Salient to Investors:

Fareed Zakaria writes:

  • New studies suggest that American innovation is in trouble and that the glittering examples of Facebook et al are deceptive. We are eating the seed corn and not laying the groundwork for the next great tech revolutions.
  • Silicon Valley’s roots are deeply tied to government support – most of the legendary start-ups that fueled the computer revolution got off the ground largely because the military and NASA. GPS powers the information revolution and was originally developed for the military.
  • Federal funding for basic research and technology as a percentage of GDP is at the lowest level in four decades, while real start-up cultures are emerging in Sweden, Israel, India and China, which is on track to surpass the US in R&D spending.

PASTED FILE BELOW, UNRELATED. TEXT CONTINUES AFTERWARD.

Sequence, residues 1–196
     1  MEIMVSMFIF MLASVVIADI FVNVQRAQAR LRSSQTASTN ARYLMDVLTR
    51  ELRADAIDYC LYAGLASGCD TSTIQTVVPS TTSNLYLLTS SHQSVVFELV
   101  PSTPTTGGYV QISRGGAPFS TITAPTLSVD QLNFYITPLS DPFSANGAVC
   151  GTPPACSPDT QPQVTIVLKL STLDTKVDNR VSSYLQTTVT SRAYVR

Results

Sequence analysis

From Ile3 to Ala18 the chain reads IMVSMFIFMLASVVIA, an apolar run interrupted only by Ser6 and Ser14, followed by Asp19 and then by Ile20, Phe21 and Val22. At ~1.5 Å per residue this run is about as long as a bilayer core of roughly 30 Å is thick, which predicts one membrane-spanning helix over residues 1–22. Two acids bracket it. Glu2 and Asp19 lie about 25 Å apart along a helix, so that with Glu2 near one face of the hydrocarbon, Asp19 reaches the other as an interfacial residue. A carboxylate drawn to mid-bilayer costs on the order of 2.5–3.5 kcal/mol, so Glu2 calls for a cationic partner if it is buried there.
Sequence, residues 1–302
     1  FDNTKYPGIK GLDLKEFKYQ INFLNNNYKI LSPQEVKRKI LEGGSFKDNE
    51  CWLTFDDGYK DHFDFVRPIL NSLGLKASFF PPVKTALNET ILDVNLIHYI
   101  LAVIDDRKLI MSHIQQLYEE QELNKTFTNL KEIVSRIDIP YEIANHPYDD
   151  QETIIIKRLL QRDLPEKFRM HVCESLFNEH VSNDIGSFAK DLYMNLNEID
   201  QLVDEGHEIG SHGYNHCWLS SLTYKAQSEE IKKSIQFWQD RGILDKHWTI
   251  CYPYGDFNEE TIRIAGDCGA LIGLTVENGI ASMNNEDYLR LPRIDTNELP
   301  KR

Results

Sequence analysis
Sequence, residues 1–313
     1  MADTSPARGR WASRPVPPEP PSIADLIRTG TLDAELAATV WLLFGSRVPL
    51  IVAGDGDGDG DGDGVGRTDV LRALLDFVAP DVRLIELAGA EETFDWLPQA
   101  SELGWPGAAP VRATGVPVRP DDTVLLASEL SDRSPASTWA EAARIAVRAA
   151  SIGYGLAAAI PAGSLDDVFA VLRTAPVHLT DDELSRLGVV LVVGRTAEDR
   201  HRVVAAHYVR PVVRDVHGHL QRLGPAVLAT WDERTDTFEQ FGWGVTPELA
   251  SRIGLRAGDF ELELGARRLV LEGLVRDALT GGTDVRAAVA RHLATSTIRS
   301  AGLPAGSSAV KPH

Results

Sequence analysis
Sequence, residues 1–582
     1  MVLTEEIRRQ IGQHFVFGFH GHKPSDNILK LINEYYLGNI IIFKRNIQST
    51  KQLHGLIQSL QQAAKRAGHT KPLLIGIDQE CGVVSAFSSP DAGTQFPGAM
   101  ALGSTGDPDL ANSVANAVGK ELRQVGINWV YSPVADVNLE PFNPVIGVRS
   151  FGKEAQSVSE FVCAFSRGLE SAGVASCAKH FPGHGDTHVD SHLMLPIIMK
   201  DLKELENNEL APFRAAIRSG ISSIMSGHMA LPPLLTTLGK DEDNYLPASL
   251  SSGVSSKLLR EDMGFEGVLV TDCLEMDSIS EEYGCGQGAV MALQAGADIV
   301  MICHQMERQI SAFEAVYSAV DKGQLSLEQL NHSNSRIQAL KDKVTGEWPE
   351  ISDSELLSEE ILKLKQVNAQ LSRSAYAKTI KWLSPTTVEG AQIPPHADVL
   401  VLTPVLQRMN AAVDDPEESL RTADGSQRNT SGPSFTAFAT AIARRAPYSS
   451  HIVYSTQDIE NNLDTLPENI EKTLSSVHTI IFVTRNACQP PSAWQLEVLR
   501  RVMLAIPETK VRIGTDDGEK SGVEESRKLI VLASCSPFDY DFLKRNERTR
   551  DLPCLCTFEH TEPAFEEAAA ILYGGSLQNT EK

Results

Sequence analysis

Robert Litan writes:

  • The rate of start-up formation in the US has dropped from almost 15% of all US companies in 1978 to 8% in 2011, while business deaths have exceeded business births for the first time in three decades.
  • Tech is now dominated by older companies. The proportion of US companies at least 16 years old rose to 34% in 2011 from 23% in 1992. Historically, older firms are more risk-averse, rigid and incrementally innovative than younger firms.
  • The US should let in more talented immigrants – who are disproportionately more likely to start new firms – reduce regulations for starting a company, increase the ease of rasing money over the Internet, and maintain near-universal health care to allow people to risk leaving established companies.

Peter Thiel at Founders Fund says we do not live in innovative times – we have Twitter instead of flying cars.

Ajay Piramal says one of the reasons the US is so successful is that it constantly criticizes itself.

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